In his 1940 essay, ‘A Mathematician’s Apology,’ G.H. Hardy asserted that mathematics was “a young man’s game” and that mathematical ability declined as one got older. By extension, conventional wisdom would have you believe that the same holds true for science — primarily the so-called ‘hard’ sciences like chemistry, biology and especially physics.
It’s generally thought that scientists and mathematicians do their best work in their younger years, certainly not after 50.
But is that really true? Experts increasingly answer with a resounding “No,” pointing to changes in those professions.
Breakthroughs After Age 50
Truth is, some landmark scientific work has been done by people older than 50 for centuries.
Consider Benjamin Franklin. After 50 he charted and named the Gulf Stream and invented the glass harmonica.
Or take theoretical physicist John Wheeler, who made key contributions to theoretical physics his entire life and worked on The Manhattan Project during World War II.
In 1967, while in his mid-50s, he helped devise the ‘Wheeler-DeWitt equation,’ an important mathematical attempt to combine general relativity with quantum mechanics. In his 60s, Wheeler co-wrote one of the most influential textbooks on general relativity. In 1990, when Wheeler was in his late 70s, he developed the theory that information is a fundamental component of the universe (which he called “it from bit”).
What does it take for a scientist to make important contributions well past what many would think of as his or her prime? Is there an optimal age for making the largest impact on one’s field? Does age really even matter, ultimately?
What’s Changed for Scientists
In fact, there is some indication that age really does matter, but not in the way you might think. While it once seemed that mathematicians and scientists made their big contributions early in their 20s, 30s and 40s, that isn’t necessarily the case anymore.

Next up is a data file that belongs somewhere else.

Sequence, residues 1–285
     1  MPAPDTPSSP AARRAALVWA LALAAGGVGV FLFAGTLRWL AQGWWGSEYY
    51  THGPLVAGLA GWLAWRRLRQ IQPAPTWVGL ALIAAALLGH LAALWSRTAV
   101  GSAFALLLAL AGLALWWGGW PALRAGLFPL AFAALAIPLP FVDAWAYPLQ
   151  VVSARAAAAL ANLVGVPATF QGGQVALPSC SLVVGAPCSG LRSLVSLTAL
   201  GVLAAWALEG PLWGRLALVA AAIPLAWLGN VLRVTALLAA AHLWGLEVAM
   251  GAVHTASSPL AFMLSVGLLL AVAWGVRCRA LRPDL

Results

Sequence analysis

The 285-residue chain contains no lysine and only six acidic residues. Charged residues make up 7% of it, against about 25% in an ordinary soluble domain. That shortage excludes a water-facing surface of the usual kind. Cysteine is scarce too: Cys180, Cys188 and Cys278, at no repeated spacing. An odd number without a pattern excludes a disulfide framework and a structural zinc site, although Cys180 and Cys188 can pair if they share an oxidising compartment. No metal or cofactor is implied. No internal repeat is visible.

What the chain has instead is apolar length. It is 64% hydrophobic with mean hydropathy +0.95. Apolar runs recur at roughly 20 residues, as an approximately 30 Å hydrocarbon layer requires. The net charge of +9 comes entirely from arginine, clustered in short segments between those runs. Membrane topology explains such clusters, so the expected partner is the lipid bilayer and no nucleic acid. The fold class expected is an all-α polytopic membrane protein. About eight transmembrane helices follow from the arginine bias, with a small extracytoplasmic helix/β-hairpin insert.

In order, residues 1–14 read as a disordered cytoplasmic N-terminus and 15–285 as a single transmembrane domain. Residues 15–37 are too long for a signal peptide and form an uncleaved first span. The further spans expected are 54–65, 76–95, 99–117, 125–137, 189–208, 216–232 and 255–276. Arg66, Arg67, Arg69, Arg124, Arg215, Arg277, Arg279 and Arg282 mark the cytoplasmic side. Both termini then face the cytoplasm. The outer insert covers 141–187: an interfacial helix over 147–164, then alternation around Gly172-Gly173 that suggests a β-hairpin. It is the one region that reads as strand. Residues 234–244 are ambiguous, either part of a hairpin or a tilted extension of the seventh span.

Of course, it is still deemed important for scientists to publish, and have their papers cited, as early in their career as possible. But these days, they might come up with their most interesting or creative contributions to their fields at any age.
In the 21st century, scientists in their 50s, 60s, 70s and even 80s aren’t written off anymore as having their best years behind them.
Leonard Susskind, the theoretical physicist who came up with the concept of string theory, says the “standard wisdom” about age and scientists held true for theoretical physics for a long time. Susskind cites an analogy to athletics — that, in order to make a major contribution, you needed the “mental agility” of youth without the “baggage that burdens with experience.”
He adds: “Newton, Einstein, Dirac, Heisenberg, Bohr, Pauli, Schwinger and Gell-Mann were all largely ‘spent forces’ by their mid-40s or earlier. They did their great work in their early 20’s. [Physicist Richard] Feynman did his most important work by the age of 30, but continued on till about 50. [Physicist Erwin] Schrodinger was considered an unusual anomaly for having discovered his [quantum mechanics] equation at 39.”
But, Susskind adds, “Today it’s very different. Here is a list of the people [over 50] who are dominating the idea landscape in my own field: Polchinski, Dimopoulos, Witten, Seiberg, Shenker, Strominger, Linde, Kallosh. There are younger people who are making important contributions, but so far not at the same level as these codgers.”
Susskind doesn’t think there is a single reason for this trend.
“What I can tell you for sure is that it has nothing to do with either funding or political influence,” he says. “I also don’t think it has to do with the attraction of Wall Street or computer science. More likely, it is just the modern tendency toward longevity and good health into an older age.”
The Benefits of Age in Math
Ken Ono, professor of mathematics at Emory University who specializes in number theory, thinks that things are changing in his field, too.
“It is becoming much more difficult to master cutting edge mathematics at a young age,” says Ono. “In the 1960s, every mathematician could read the top journals. Now, many mathematicians would have a difficult time reading 10 percent of the papers in top journals.”
Today, scientists and mathematicians over 50 can look forward to the freedom to pursue their research in areas that truly excite them as they get older.
Consider these renowned scientists who are still making important contributions: David Attenborough (88), James Watson (86), Noam Chomsky (85), E.O. Wilson (85), Roger Penrose (82), Jane Goodall (80), Richard Dawkins (73), Stephen Hawking (72) and Neil deGrasse Tyson (55).
As if to put to rest the idea that scientists over 50 aren’t likely to make a major contribution to their field, the following was a reply from J.E.N. Veron (the world’s foremost expert on coral reefs) to an email requesting a quote for this article: “Despite being nearly 70, I work 60-hour weeks. So, with apologies…”
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